Hirshberg, Glen 1966-
HIRSHBERG, Glen 1966-
Born 1966, in Detroit, MI; married; children. Education: Columbia University, B.A.; University of Montana, M.A., M.F.A.
Home—CA. Agent—c/o Author Mail, Carrol & Graf Publishers, 161 William St., New York, NY 10038.
Author, writing teacher, and journalist.
World Fantasy Award nomination and International Horror Guild Award nomination, both 2001, both for short story "Mr. Dark's Carnival"; World Fantasy Award nomination, 2002, for short story "Struwwelpeter"; International Horror Guild awards, best medium-length story, 2003, for "Dancing Men," and best collection, 2003, for The Two Sams: Ghost Stories; Publishers Weekly Best Book selection, 2003, for The Two Sams: Ghost Stories; Bennett Cerf Prize for best fiction, Columbia University.
The Snowman's Children (novel), Carroll & Graf Publishers (New York, NY), 2002.
The Two Sams: Ghost Stories (short stories), Carroll & Graf Publishers (New York, NY), 2003.
Author's stories have appeared in volumes such as The Year's Best Fantasy and Horror, Fourteenth Annual Collection, edited by Terri Windling and Ellen Datlow, St. Martin's Griffin (New York, NY), 2001; The Year's Best Fantasy and Horror, Fifteenth Annual Collection, edited by Terri Windling and Ellen Datlow, St. Martin's Griffin (New York, NY), 2002; The Mammoth Book of Best New Horror, Volume 14, edited by Stephen Jones, Carroll & Graf Publishers (New York, NY), 2003; Trampoline, edited by Kelly Link, Small Beer Press (Northampton, MA), 2003; The Dark: New Ghost Stories, edited by Ellen Datlow, Tor Books (New York, NY), 2004; and on Web sites such as Scifi.com. Also contributor of articles to various publications, including LAWeekly.
Much of Glen Hirshberg's fiction is considered horror genre writing, and many of his works, particularly his short pieces, are ghost stories. Hirshberg has won awards from the International Horror Guild and has also been applauded by critics for his realistic portrayal of adolescent characters.
In The Snowman's Children, the Detroit landscape of Mattie Rhodes's childhood is haunted by the specter of a serial child killer. By the age of twenty-seven, Mattie is unhappily married, aimless, and dissatisfied. His present situation causes Mattie to remember the days when "The Snowman" prowled the streets, boldly snatching children in daylight attacks. The murders remain unsolved, and Mattie's family moves away after the traumatic killings. Seeking relief from his current dead-end situation, Mattie returns to Detroit to seek out Spencer and Theresa, his two best friends from childhood. Denver Post reviewer Robin Vidimos commented, "Hirshberg spends a fair amount of time—none of it wasted—explaining why this trio has developed such loyalty. The result holds the tension of a thriller combined with an insight into character more often found in literary than in genre fiction."
A Kirkus Reviews critic called The Snowman's Children "A chilling debut," noting that the novel is "haunting and sharply rendered: a thriller that leaves the reader even more disturbed at story's end." Carolyn See, writing in the Washington Post, commented that the "technically perfect, beautifully rendered childhood" of Mattie and his friends "is what makes The Snowman's Children so powerful." Vidimos concluded that Hirshberg's writing "holds the reader's interest from the first page to the last. He's as comfortable with loose ends as he is with life's realities, and in real life there are unsolved mysteries."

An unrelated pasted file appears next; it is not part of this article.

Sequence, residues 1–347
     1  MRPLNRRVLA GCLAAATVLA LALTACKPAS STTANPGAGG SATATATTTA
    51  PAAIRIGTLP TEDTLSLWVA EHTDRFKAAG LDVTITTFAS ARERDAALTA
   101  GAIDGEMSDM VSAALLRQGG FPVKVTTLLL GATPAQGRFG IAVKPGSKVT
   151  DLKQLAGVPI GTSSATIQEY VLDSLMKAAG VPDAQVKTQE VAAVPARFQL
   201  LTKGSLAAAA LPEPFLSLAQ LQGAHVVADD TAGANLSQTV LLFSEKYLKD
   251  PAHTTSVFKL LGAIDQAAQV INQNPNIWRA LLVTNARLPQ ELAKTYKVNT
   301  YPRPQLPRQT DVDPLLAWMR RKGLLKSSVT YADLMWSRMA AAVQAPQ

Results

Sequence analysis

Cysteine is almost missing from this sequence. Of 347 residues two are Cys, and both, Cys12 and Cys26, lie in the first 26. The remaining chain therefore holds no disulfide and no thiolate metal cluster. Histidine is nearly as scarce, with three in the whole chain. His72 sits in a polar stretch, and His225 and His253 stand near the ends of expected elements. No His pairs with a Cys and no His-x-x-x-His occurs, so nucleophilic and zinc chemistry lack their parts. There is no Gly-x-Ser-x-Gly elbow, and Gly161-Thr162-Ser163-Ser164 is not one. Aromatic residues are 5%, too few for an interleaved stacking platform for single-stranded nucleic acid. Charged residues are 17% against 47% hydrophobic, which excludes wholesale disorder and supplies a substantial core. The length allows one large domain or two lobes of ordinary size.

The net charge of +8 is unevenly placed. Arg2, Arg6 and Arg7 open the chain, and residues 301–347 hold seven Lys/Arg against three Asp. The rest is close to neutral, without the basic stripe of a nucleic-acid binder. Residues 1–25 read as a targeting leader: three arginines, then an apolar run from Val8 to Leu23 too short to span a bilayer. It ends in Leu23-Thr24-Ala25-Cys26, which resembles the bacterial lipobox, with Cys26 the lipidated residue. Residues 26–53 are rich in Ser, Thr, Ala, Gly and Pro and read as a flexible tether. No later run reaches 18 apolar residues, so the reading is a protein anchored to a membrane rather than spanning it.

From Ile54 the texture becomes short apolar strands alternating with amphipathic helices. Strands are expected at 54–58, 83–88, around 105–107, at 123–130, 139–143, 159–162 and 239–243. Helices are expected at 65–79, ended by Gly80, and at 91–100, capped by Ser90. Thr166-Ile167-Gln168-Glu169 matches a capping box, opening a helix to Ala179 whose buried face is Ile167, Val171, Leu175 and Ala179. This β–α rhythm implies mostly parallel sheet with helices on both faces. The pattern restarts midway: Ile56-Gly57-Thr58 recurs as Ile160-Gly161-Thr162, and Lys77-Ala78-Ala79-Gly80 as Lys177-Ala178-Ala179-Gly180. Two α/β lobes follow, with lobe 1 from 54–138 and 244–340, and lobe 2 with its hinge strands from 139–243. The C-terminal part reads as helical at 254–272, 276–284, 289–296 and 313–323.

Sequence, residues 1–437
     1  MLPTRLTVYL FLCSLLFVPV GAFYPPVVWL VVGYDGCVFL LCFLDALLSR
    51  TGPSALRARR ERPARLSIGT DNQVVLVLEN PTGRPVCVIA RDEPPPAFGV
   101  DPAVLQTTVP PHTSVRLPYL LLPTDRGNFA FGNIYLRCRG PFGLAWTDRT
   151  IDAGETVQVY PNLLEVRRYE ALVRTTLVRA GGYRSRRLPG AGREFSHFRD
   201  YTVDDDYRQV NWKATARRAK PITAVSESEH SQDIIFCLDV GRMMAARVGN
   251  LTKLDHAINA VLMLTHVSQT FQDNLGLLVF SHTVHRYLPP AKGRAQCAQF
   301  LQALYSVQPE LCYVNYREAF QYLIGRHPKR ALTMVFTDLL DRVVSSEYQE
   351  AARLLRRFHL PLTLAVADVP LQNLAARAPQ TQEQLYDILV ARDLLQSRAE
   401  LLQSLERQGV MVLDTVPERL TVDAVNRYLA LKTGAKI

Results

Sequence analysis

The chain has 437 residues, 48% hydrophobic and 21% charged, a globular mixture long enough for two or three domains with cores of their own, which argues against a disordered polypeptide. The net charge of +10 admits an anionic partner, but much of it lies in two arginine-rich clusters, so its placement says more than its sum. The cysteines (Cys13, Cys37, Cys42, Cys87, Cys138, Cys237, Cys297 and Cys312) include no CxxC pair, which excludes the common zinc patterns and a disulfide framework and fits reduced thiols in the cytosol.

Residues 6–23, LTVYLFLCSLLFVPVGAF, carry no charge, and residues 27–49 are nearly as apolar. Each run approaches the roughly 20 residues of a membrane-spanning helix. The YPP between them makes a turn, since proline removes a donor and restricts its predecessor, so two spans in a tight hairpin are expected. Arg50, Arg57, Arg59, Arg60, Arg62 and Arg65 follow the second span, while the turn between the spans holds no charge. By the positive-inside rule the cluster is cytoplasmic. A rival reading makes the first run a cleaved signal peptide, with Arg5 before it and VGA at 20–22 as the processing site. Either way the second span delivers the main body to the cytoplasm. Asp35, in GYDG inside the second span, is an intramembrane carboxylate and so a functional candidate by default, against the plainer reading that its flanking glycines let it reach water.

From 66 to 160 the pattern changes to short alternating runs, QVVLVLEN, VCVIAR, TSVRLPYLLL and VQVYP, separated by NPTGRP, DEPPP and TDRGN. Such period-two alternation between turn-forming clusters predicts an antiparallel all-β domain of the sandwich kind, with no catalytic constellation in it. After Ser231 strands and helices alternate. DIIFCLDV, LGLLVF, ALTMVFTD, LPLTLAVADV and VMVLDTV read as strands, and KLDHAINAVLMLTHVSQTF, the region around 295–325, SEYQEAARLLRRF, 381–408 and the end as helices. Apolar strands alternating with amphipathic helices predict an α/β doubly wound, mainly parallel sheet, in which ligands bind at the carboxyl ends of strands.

Hirshberg's collection of short stories The Two Sams is "concerned more with psychology and history than with things that go bump in the night," observed Ray Olson in Booklist. Jackie Cassada, writing in Library Journal, called the book a "literate, thoughtful, and affecting" collection. In the title story, a father continues his parental obligations to his two children, who died years before. In "Mr. Dark's Carnival," a story that resonates with Ray Bradbury's works, a college professor visits a legendary funhouse on Halloween and finds the carnival terror becoming real and personal. The prank-pulling punk of "Struwwelpeter" may just be delusional—or there may be something haunting the house that serves as the epicenter of his Halloween sprees. Hirshberg, remarked a Publishers Weekly reviewer, "shows uncommon talent for insinuating the supernatural into scenarios grounded in credible reality and for maintaining ambiguity until the moment of prime emotional impact."
BIOGRAPHICAL AND CRITICAL SOURCES:
Booklist, October 1, 2002, Joanne Wilkinson, review of The Snowman's Children, p. 301; September 15, 2003, Ray Olson, review of The Two Sams: Ghost Stories, p. 218.
Denver Post, December 8, 2002, Robin Vidimos, "Author's Inaugural Effort Inspiring: Characters, Story Replete in Mystery," review of The Snowman's Children, section EE, p. 2.
Fantasy & Science Fiction, March, 2004, Elizabeth Hand, review of The Two Sams, p. 34.
Kirkus Reviews, September 15, 2002, review of The Snowman's Children, p. 1336; August 15, 2003, review of The Two Sams, p. 1037.
Library Journal, September 15, 2003, Jackie Cassada, review of The Two Sams: Ghost Stories, p. 96.
Publishers Weekly, December 9, 2002, review of The Snowman's Children, p. 62; September 15, 2003, review of The Two Sams, p. 49.
Washington Post, January 3, 2003, Carolyn See, "Cold Horror," review of The Snowman's Children, section C, p. 3.
Glen Hirshberg Home Page,http://www.glenhirshberg.com (August 6, 2004).*